NMSU program for young entrepreneurs receives major grant from Daniels Fund

June 26, 2012 by Janet Perez, NMSU News Center

An innovative business competition developed at New Mexico State University for children is the recipient of a large grant from a prestigious foundation.

Innoventure, an annual contest that encourages students to use science, technology, engineering and math to solve business problems, has just received a $100,000 grant from the Daniels Fund. Innoventure is organized by NMSU’s economic development hub, the Arrowhead Center.

“We are thrilled to have received this very generous grant,” said Garrey Carruthers, dean of the NMSU College of Business and vice president for economic development. “It speaks volumes about the value of Innoventure that an organization with a reputation as great as the Daniels Fund believes in this program enough to support us at that level.”

NMSU already has a strong connection to the Daniels Fund, with the College of Business being an active member of the Daniels Fund Ethics Consortium.

The Daniels Fund Grants Program supports nonprofit organizations in Colorado, New Mexico, Utah and Wyoming, as well as programs that have a national impact. The grant, which will fund two years of Innoventure, was given through the Daniels Fund’s youth development program. In particular, the Daniels Fund looks to youth programs that promote academics, civics, financial education and career development.

“The Innoventure program helps ground youth in financial responsibility and entrepreneurship,” said Peter Droege, vice president of communications for the Daniels Fund. “We believe that this program will positively impact the lives of youth in New Mexico.”

Along with the annual competition, the Innoventure program also includes Camp Innoventure, a weeklong summer session where students entering sixth to eighth grade have the opportunity to learn how to start their own businesses. The money from the Daniels Fund will go primarily toward expanding the Innovation competition, said Marie Borchert, director of Innoventure at the Arrowhead Center. During the first year of the grant, Innoventure will recruit eight more teams from around the state, bringing the total number of teams at the finals to 48. During the second year of the grant the number of finalist teams is expected to grow to 56.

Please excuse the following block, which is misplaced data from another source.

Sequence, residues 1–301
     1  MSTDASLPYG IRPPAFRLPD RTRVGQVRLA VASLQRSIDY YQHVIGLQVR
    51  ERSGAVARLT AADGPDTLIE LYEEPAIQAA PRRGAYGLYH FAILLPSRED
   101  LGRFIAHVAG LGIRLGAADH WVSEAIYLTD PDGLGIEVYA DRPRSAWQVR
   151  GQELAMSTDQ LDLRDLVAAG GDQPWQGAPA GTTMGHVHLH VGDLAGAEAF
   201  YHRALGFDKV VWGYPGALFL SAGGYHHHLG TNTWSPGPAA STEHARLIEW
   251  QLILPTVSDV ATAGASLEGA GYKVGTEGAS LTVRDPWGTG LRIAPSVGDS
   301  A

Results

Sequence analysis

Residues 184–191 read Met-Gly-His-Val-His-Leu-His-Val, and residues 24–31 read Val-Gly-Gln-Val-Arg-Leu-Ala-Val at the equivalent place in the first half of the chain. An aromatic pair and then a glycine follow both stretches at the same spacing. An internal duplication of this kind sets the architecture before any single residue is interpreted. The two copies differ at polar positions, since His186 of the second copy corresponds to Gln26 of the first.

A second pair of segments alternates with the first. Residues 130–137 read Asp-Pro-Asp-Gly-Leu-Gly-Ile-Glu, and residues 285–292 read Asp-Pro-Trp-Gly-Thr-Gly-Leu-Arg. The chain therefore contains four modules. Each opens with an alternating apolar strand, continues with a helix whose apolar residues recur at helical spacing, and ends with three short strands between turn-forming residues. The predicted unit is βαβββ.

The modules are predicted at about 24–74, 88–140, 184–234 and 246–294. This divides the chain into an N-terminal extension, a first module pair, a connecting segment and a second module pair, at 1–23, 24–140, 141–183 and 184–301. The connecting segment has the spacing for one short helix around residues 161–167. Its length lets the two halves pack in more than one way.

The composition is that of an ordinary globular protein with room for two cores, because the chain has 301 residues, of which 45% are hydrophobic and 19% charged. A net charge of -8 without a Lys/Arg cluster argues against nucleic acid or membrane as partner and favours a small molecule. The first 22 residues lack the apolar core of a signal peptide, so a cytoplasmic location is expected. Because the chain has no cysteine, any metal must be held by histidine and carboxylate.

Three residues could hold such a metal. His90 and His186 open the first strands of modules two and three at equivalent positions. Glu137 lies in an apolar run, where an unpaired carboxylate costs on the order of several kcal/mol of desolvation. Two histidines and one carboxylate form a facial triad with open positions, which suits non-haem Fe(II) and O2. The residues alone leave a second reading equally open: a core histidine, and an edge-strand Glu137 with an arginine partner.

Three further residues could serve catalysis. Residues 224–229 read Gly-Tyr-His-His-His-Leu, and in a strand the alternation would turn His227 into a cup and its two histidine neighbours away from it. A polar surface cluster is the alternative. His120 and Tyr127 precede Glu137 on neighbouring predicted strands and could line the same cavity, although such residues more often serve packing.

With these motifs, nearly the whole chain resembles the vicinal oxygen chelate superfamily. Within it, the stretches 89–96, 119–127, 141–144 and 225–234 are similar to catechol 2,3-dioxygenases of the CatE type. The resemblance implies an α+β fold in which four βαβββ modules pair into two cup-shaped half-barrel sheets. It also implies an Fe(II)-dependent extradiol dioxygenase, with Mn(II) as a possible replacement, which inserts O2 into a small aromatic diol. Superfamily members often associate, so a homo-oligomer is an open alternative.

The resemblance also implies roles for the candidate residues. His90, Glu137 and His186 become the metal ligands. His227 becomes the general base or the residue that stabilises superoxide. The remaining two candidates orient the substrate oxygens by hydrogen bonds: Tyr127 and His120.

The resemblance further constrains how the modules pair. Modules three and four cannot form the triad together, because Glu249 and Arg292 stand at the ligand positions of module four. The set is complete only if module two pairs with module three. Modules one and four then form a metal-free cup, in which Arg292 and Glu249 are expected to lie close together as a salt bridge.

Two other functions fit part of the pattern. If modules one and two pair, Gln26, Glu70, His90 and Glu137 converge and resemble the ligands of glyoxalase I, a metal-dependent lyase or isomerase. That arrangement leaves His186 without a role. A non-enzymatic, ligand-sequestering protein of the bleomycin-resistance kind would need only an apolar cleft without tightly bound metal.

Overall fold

“We are going to be expanding our recruiting effort for teams this fall in order to increase participation locally, as well as around the state,” Borchert said. “The way we are doing that is through the program’s longevity. This will be our 10th year and many education programs don’t really last past three years. When a program does demonstrate its longevity, teachers will take notice.”

To accommodate the growing field of competitors, Innoventure will use the grant money to move the contest to a larger venue. As a result, the event will take place at the Las Cruces Convention Center next year.

Droege of the Daniels Fund added that the grant also would be used to support the development and implementation of a strategic plan to license the Innoventure program to schools and school districts in New Mexico.

Through licensing the program, Brochert said Innoventure competitions could be conducted in a single school or even a single classroom if the school cannot field a team for the statewide competition. Potentially expanding Innoventure to all corners of the state could have a profound effect on the entire economy.

“The impact on the community is that we will continue to work directly with students who will go on to be the future leaders of our state and even beyond the borders of our state,” Borchert said. “Students learn so much through this program. We see that students who come back year after year increase their understanding and skills, not just with writing and communications, but also by really thinking in new ways and developing new problem-solving skills and figuring out how to make life better.”

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